According to Dafydd, the very last resident was believed to be Tom Brown, who lived at No 2. His door is marked with the word ‘Brown.’


Dafydd said: “We asked locals for any memories of the people who had lived at the almshouses, and some interesting stories emerged.

“One is about Tom Brown. He got told off for painting his door brown – the rules said the doors must be blue -but in a small protest he painted it blue – but with his name in brown ‘Brown’ across the door.”

Academic Sylvia Pinches, who contributed a chapter on ‘Anglesey almshouses’ in the book: The British Almshouse: new perspectives on philanthropy ca 1400-1914, has helped the trustees in their research,.

She wrote: “Less is known of the background of Lewis Rogers of Penmynydd, until he was made free of the Company of Barber Surgeons in London on June 30, 1590.

“He had been apprenticed to Robert Balthrop, who was Serjeant Surgeon to King Edward VI and Queen Elizabeth, until his death in 1591 when he mentions Lewis Rogers in his will. Rogers was elected Warden of the Company in 1614, 1616 and 1617 and looked likely to have been Master had he not died.”

He died in East Greenwich, in 1618.

She notes Rogers had promised £1000 to be employed by the direction of Owen Tudor Esquire of Penmynyth [Penmynydd] county Anglesey and Mr Hugh Williams of Esceivioge [Ysceifiog] for erecting and building of an almshouse in the parish for ten poor men, “being of honest conversation, all above the age of fifty”

When it became apparent that Rogers’s estate could not fund the almshouses Lewis Owen stepped in. Sylvia wrote that Lewis Owen “was probably the grandson of OwenTudur Fychan of Penmynydd. Lewis Owen had taken the court route, and became Serjeant of the Larder to James I.”

She also described how he had promised Rogers on his deathbed that he would carry out his wishes, and would oversee the almshouse project.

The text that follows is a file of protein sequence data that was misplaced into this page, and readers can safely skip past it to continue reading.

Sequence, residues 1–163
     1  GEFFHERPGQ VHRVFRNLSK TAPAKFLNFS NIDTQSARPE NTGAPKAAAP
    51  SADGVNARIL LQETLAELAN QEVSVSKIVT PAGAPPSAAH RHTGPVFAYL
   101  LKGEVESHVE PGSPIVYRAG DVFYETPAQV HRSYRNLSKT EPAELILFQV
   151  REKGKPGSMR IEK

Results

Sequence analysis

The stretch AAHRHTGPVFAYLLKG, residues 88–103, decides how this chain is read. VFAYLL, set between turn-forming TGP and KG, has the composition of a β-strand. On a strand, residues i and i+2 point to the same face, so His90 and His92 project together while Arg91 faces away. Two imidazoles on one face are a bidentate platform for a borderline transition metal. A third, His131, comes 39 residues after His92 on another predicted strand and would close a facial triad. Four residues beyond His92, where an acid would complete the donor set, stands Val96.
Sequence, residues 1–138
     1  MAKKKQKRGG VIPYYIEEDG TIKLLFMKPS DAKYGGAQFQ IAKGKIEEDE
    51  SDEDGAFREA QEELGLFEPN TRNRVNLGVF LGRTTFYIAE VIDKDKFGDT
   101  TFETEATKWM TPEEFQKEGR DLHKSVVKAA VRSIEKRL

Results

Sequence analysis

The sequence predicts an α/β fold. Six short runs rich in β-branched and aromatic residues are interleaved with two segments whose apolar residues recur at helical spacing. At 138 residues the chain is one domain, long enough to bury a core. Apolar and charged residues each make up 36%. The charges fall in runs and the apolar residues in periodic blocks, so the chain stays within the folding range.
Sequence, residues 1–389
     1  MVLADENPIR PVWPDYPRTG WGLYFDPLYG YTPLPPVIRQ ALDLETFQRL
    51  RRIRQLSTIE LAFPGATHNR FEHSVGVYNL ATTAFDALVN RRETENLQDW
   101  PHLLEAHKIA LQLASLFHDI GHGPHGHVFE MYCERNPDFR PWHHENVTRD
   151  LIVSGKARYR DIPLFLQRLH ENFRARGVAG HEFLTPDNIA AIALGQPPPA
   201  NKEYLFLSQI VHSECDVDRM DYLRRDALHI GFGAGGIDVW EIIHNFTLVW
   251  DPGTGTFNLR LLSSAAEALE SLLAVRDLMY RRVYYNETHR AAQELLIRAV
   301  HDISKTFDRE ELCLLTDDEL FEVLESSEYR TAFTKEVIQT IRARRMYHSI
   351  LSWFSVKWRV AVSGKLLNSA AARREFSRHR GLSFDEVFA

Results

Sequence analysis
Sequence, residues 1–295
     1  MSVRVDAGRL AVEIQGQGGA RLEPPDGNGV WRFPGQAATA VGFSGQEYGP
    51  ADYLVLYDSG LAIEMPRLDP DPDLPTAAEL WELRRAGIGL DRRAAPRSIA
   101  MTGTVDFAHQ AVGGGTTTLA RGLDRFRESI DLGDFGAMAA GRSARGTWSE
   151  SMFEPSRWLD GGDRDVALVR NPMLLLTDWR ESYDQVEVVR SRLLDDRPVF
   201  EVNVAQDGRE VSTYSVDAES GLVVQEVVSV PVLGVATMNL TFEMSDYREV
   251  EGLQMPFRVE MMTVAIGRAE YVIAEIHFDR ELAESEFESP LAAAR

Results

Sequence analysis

He provided two acres of farmland at Penmynydd, and gave the profits of the rectory of Eglwys Rhos, Caernarfonshire, out of which £63 per annum was paid for the almshouses.

Lewis Owen died in 1624, and his will made provision from the rectory profits, to include payment of a preacher to provide 12 sermons at £7 a year and for relief of the almshouse poor. From their inception, the almshouses imposed strict rules imposed on its inhabitants.

One stipulation included the compulsory attendance at Penmynydd’s church – St Gredifael. Among the rules residents had to be over 50, could not have children under 12, were not allowed to marry anyone under 50, could not to be absent for more than three days and nights with fines were imposed for periods away.


They were forbidden to beg , take in lodgers or have overnight visitors, swearing, drunkenness, and brawling or any other “notorious misdemeanours” were seriously frowned on with the threat of fines, removal of allowances or even expulsion.

There were many ups and downs in the fortunes of the almshouses, and the records are full of colourful descriptions of disagreements.

At times, the trustees report difficulty finding residents ‘of suitable character’ to fill vacancies, whilst residents complained of the poor state of repairs and stoppages in their money.

Following the rise in Non-Conformism a row also ensued over the stipulation to attend the parish church. By the 19th century, some of the alms people had started to attend a local chapel – not the parish church – against the rules – which resulted in 1893 in the expulsion of William Jones.

His cause was taken up by Ellis Jones Griffith the Liberal MP for the county and the rising radical MP Lloyd George apparently brought the matter up in the Houses of Parliament, which resulted in an inquiry, and changed church attendance rules.

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14 days ago

Am syniad hyfryd. Great idea. With a change in the outdated rules of course

Last edited 14 days ago by Sian
14 days ago